Vehicle emissions are responsible for about two third of air pollution in urban areas. The main pollutants emitted by vehicles include carbon monoxide, oxides of nitrogen and sulphur, hydrocarbon, lead, ozone & suspended particulate matter. These pollutants have harmful effects on human health & ecology. Poor air quality increases respiratory disorders like asthma & bronchitis & increases the risk of life-threatening diseases like cancer. In India, the impact of pollution from vehicles is increasing day by day due to rapid increase in population & modernization. Impact of vehicle pollution is more in cities due to urbanization. Kota is the fastest developing city of Rajasthan having more than 650000 registered vehicles that shows large number of vehicles & associated impacts of emission through vehicles on polluting air. To study the vehicular pollution in Kota city, both off-line & on-line methods have been used. In on-line method, vehicle gas analyzer is used to measure five parameters O2, CO2, HC, CO & ? and in off-line method, high volume air sampler is used for air monitoring. Hope, the book will prove its usefulness to concerned students, researchers & others.
Today environmental pollution has permeated every walk of our lives. The effect of Chromium (VI) on the residents of Hinkley, California as highlighted in the movie ‘Erin Brokovich’ and the rampant practice of using industrial waste for irrigation in India motivated the authors to undertake the present study. The book deals with the effect of chromium 6+ on the cytogenetics, morphology and food quality of commonly consumed eight vegetables. It highlights the acquired mutagenicity of the plants as the result of bioaccumulation of this heavy metal in edible parts.
Various cities across the world are moving towards providing ubiquitous wireless connectivity and municipal wireless systems are being experimented with. The city of Pune in western India launched the Unwire Pune project promising to make the entire city wire-free by March 2007. The project being conceptualized by the city municipal corporation in partnership with Intel if successful would make Pune the first fully wireless city in India. The research in this book discusses the project in detail emphasising the realistic benefits of the project to the local population of the city alongside laying down the hindrances which the project could likely be faced with.
Anand city is known as the Milk capital of India. The city has grown and urbanized at a rapid pace in past few decades. As a result number of vehicles has increased and industries were established in nearby areas. At this backdrop, the present study aims to find out the heavy metal concentration in the street dust, deposited dust on the leafs of plants growing beside the roadways and in suspended particulate matter of the ambient air.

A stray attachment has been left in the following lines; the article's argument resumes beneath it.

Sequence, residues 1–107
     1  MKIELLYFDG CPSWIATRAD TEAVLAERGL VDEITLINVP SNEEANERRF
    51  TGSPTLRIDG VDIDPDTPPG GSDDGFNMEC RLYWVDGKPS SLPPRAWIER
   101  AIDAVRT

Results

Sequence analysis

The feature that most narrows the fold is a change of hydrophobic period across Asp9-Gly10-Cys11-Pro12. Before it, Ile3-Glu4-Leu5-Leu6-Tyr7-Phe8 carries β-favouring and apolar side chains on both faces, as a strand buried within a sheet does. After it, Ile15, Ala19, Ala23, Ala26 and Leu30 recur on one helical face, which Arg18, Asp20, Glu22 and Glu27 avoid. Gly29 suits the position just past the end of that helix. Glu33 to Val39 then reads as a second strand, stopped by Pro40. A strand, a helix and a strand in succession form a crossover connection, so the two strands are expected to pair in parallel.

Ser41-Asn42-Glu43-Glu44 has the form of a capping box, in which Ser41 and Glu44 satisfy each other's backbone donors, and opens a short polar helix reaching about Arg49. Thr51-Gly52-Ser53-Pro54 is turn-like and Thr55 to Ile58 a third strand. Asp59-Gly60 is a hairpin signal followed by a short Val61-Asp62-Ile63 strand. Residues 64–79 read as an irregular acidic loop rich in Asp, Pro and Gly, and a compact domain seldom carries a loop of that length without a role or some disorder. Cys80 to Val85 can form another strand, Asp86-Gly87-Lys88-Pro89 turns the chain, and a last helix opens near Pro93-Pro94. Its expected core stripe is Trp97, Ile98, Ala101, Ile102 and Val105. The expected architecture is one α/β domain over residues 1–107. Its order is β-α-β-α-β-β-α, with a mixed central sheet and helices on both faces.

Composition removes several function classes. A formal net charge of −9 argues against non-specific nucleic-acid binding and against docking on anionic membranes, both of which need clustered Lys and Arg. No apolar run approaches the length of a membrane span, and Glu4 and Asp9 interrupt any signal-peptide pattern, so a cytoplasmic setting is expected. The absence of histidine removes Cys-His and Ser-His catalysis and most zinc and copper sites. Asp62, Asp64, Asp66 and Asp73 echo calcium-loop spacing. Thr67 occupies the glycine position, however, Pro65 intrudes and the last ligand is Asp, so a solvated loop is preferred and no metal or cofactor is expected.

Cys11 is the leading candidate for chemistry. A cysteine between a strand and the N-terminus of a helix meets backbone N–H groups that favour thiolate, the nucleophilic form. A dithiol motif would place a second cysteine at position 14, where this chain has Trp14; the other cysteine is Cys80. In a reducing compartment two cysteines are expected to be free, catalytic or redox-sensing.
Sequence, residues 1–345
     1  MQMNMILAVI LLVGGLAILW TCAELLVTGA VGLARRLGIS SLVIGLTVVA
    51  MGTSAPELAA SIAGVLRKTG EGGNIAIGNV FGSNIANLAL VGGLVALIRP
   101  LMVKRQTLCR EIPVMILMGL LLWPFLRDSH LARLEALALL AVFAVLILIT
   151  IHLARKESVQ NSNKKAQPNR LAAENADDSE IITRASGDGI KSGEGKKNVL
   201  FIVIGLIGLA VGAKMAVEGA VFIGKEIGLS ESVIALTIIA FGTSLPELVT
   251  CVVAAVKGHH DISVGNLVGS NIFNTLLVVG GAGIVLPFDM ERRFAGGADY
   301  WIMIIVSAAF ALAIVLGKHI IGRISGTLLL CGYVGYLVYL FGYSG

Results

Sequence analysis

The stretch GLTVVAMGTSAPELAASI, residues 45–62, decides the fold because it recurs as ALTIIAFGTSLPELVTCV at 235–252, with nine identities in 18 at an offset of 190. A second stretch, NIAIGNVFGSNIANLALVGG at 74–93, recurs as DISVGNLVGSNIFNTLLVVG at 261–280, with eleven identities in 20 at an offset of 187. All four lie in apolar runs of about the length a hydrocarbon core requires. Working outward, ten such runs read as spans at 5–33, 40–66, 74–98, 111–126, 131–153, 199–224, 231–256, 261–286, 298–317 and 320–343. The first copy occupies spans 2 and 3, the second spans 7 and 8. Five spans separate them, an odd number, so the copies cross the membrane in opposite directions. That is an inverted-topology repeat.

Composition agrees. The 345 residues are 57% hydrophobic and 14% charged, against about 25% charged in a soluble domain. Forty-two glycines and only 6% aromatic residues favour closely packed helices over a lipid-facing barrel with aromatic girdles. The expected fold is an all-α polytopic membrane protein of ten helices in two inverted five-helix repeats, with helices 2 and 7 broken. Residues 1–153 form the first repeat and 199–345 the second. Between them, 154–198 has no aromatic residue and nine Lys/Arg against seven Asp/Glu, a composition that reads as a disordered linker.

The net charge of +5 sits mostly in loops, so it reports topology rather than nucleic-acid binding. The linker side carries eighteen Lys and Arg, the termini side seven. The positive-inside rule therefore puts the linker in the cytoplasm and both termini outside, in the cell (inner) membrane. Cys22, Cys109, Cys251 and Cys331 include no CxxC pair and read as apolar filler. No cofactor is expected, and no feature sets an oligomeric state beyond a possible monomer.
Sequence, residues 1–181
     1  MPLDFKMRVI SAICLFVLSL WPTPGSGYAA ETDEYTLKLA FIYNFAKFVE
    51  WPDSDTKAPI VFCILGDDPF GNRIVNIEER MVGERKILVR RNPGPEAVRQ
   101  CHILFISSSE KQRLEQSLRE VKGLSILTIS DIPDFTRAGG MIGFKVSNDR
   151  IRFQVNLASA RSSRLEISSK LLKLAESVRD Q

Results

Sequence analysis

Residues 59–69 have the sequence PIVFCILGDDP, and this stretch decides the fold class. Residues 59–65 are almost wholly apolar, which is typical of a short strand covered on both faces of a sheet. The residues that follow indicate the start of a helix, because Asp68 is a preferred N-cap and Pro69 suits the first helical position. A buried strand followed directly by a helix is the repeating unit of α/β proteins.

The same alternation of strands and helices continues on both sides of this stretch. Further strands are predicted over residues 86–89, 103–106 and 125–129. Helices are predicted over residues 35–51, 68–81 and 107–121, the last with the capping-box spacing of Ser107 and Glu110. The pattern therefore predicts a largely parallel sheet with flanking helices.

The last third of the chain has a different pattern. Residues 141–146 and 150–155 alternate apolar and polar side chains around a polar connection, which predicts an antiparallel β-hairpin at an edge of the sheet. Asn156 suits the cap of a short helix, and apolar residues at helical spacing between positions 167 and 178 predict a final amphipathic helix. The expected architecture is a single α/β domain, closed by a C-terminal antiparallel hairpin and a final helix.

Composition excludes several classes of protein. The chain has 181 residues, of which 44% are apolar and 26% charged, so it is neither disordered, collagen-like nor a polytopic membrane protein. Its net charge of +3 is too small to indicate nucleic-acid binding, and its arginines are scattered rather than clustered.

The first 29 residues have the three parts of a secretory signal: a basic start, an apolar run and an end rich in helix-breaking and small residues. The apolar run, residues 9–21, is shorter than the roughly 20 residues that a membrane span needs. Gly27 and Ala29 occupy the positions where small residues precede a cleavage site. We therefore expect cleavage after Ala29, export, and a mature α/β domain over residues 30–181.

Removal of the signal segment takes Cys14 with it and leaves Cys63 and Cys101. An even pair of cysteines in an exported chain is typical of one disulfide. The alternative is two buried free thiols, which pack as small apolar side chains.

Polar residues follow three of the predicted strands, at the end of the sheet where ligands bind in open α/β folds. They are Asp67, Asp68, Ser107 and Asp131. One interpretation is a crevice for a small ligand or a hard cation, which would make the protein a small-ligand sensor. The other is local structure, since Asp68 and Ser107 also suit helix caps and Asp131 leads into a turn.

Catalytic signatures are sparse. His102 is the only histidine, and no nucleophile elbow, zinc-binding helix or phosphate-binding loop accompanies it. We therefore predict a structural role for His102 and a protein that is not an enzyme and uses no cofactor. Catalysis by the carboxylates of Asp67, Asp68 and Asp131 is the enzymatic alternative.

Water and land pollution, both are very dangerous. But, in contrast air pollution has its own peculiarities due to its trans-boundary dispersion of pollutants over the entire world. In any well planned urban set up, industrial pollution takes a back seat and vehicular emissions take precedence as the major cause of urban air pollution. No physical or chemical method is known to ameliorate industrial or traffic air pollution. A suitable alternative way is to grow green plants in and around industries, traffic areas and along roadsides. Response of plants towards air pollution was assessed by air pollution tolerance Index (APTI) value. Four physiological and biological parameters including leaf relative water content (RWC), ascorbic acid (AA) content, total leaf chlorophyll (TCh), and leaf extract pH were used to develop an APTI. The vegetation monitoring in terms of its APTI acts as a ‘Bioindicator’ of air pollution and has been incorporated in the assessment of the present study.
Researchers working on air pollutants and their effect on plants will find this book interesting. Among various air pollutants this book focuses on ozone. Ozone (O3) is one of the most serious phytotoxic air pollutants. Current impacts of the oxidant air pollutant, ozone (O3), on vegetation are substantial, essentially global and increasing with rising population and industrialization. Most of the studies on the effect of ozone are confined to agricultural crop plants, fiber crops and gymnosperms. Studies on medicinal plants, an important group of economically important plants, which play a major role in health care system, are lacking. With growing industrialization and fossil fuel consumption ground level ozone concentration are likely to increase in future but it is not known how the medicinal plants are going to respond to this inevitable factor. This study was taken up with the purpose of studying the response of some important local medicinal plants against ozone stress.
Use of plants as a source of medicine has been an ancient practice and is an important component of the health care system in India. There are about 45,000 medicinal plant species in India, with concentrated spots in the region of Eastern Himalayas, Western Ghats and Andaman & Nicobar Island. The officially documented plants with medicinal potential are 3000 but traditional practitioners use more than 6000. India is the largest producer of medicinal herbs and is called the botanical garden of the world. There are currently about 250 000 registered medical practitioners of the Ayurvedic system, as compared to about 700,000 of the modern medicine system. In this respective work five different medicinal plants Phyllanthus emblica, Citrous aurantiifolia, Murraya koenigii, Piper betle and Trachyspermum ammi were selected and cultivated under the effect of different kinds of fertilizers.
The Aim of this Book is to examine relationship of economic growth, economic development and economics of environmental process in India in general and Gujarat in particular. Economic development process has to have taken care of environmental pollution both natural and manmade. Environmental Economics and Resource Economics have evolved from various branches of economics such as welfare economics, macro economics, industrial economics, public finance etc. After economic reforms in 1991 in India, economic growth and industrialization processes have created tension for management of environmental pollution in terms of water pollution, solid waste, air pollution, noise pollution, traffic pollution etc. Global Warming has also challenged availability and utilization of resources for present and future generation along with sustainable growth of economy as well as sustainable environmental pollution. However, this study is confined to the study of industrial and water pollution in Gujarat State.